In Louisiana public contracts and jobs have been gaining momentum for my clients. Over the past few years there has been a spike in public work and as these jobs reach completion contractors, subcontractors, equipment lessors, laborers and materials suppliers are forced to become well versed in the layout of the public bid law.
Public bid law is a term of art used in the construction industry to describe any work, construction project or improvement to (immovable) property that is owed by the State of Louisiana or an arm of the state, such as parish or city government (“public entity’). Entering into a contract for a construction project with a public entity has strict regulation. This strict regulation is necessary due the past corruption when dealing with public funds. Public jobs are funded by tax-payer money, therefore the process needs to be tightly scrutinized.
For years many contractors, equipment lessors and materials suppliers would not work on government projects due to all of the extra work required to adhere to the regulation. Recently, these same contractors have been taking on the risk for the reward of more work. Most parties are realizing that public works are not that much different than private when everything runs smoothly. When funds dry up, then the landscape can become more rigid.
This post will focus on material suppliers and the requirement to send notice when working on a public job. In many instances in Louisiana and other states, material suppliers must send notice to the owner, general contractor and the party who hired them in order to preserve some type of lien or bond claim right if not timely paid.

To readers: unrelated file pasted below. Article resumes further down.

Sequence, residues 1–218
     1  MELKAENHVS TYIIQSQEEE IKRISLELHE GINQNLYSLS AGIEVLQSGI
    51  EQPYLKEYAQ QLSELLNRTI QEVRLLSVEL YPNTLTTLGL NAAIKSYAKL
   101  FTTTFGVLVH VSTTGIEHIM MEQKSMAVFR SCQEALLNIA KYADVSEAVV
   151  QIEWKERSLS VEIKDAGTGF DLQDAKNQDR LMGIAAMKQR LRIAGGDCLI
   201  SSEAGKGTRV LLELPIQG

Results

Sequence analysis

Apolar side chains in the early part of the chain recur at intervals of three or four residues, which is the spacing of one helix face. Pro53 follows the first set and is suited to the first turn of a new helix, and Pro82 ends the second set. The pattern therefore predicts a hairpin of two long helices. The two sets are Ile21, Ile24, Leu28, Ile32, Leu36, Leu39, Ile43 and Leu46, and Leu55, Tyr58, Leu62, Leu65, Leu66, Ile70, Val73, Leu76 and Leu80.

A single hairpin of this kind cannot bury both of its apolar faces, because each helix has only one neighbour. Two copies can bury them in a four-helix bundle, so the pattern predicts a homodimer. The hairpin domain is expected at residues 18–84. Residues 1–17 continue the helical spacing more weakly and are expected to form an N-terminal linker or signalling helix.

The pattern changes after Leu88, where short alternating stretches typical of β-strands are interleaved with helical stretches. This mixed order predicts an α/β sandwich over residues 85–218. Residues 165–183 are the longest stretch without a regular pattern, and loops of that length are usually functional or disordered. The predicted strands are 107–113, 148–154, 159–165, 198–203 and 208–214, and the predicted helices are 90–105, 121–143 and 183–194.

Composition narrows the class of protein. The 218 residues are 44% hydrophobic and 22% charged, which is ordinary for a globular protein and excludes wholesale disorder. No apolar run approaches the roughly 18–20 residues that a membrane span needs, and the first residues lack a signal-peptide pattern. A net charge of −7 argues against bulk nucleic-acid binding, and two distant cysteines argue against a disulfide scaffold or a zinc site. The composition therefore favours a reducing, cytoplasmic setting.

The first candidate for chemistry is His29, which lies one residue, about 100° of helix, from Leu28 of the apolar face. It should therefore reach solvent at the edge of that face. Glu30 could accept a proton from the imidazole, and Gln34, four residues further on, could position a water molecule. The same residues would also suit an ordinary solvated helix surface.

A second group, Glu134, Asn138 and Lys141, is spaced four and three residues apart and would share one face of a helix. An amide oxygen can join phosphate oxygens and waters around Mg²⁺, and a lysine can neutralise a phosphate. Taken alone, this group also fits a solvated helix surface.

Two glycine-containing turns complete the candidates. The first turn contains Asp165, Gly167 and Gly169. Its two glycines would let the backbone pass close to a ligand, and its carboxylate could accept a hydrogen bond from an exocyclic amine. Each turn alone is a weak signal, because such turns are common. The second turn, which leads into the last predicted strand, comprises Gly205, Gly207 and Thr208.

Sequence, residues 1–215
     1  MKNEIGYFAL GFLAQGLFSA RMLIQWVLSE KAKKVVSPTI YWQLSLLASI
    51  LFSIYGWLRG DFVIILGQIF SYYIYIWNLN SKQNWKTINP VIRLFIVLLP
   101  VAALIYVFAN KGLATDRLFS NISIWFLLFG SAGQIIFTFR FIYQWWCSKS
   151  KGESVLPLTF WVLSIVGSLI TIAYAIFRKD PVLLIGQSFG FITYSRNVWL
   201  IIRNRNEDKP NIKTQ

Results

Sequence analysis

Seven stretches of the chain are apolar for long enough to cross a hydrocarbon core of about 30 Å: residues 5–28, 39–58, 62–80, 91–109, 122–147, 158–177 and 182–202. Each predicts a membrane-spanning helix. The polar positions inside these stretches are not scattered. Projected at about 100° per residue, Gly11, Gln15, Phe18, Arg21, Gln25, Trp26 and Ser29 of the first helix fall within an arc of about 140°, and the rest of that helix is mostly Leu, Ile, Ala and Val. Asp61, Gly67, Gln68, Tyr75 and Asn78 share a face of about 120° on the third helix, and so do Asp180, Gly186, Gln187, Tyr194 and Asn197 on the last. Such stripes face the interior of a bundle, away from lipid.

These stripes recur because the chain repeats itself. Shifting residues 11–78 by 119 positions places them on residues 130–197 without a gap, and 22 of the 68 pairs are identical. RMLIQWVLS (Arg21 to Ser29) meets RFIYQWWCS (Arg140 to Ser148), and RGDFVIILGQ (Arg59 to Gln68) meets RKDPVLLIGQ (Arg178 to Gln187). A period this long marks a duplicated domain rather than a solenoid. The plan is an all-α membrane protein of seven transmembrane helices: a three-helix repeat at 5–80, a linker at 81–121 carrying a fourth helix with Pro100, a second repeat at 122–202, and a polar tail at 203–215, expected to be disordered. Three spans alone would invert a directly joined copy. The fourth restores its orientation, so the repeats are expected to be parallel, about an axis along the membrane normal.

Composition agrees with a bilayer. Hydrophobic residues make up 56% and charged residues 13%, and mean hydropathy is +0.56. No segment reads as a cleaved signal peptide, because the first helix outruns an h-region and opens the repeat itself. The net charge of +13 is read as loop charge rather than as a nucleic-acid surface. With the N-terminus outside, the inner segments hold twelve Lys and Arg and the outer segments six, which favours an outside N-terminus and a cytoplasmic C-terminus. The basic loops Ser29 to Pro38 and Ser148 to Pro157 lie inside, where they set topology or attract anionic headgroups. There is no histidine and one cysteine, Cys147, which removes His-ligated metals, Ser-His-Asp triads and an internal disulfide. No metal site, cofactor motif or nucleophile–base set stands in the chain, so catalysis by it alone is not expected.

When large supply companies, such as ABC Supply, Grainger, or 84 Lumber, work in Louisiana by supplying to Louisiana public works, they need to be aware of the requirements needed to preserve the right to get paid. The requirements are codified in Louisiana Revised Statutes §38:2241 et seq.
Recently, in 2013, the Louisiana First Circuit rendered a decision which will make the notice requirement of material supply companies more onerous.
The basic premise of this suit has to do with whether or not a supplier sending the required notice, within seventy-five (75) days of delivery of the supplies. On public projects La R.S. 38:2242(f) states that all materials suppliers must furnish notice within 75 days of delivery of the materials.
The exact language of La R.S. 38:2242(f) reads in pertinent part:
In addition to the other provisions of this Section, if the materialman has not been paid by the subcontractor and has not sent notice of nonpayment to the general contractor and the owner, then the materialman shall lose his right to file a privilege or lien on the immovable property. The return receipt indicating that certified mail was properly addressed to the last known address of the general contractor and the owner and deposited in the U.S. mail on or before seventy-five days from the last day of the month in which the material was delivered, regardless of whether the certified mail was actually delivered, refused, or unclaimed satisfies the notice provision hereof or no later than the statutory lien period, whichever comes first. The provisions of this Subsection shall apply only to disputes arising out of recorded contracts.
To the average supplier or person, this statute would constitute that if multiple deliveries are made in multiple months, then you simply need to send one notice at the conclusion of the deliveries but within 75 days of the last delivery. The J. Reed court actually opined to the contrary.
The court goes on to discuss how statutes need to be interpreted and I believe that they missed the target on this decision, nevertheless the law in Louisiana, as of J. Reed is that the 75 day notice of non-payment needs to be sent after each month where materials were delivered. Any logical person can see how this requirement can be onerous. There is a well written dissent which describes a logical conclusion.
Regardless of whether the case is proper it is the law in Louisiana. Material suppliers need to send notice of non-payment within 75 days of each month where materials were delivered. Click on the link above to read the opinion in its entirety. Knowing these rules can mean all the difference to whether a bill gets paid or it gets written off as bad debt.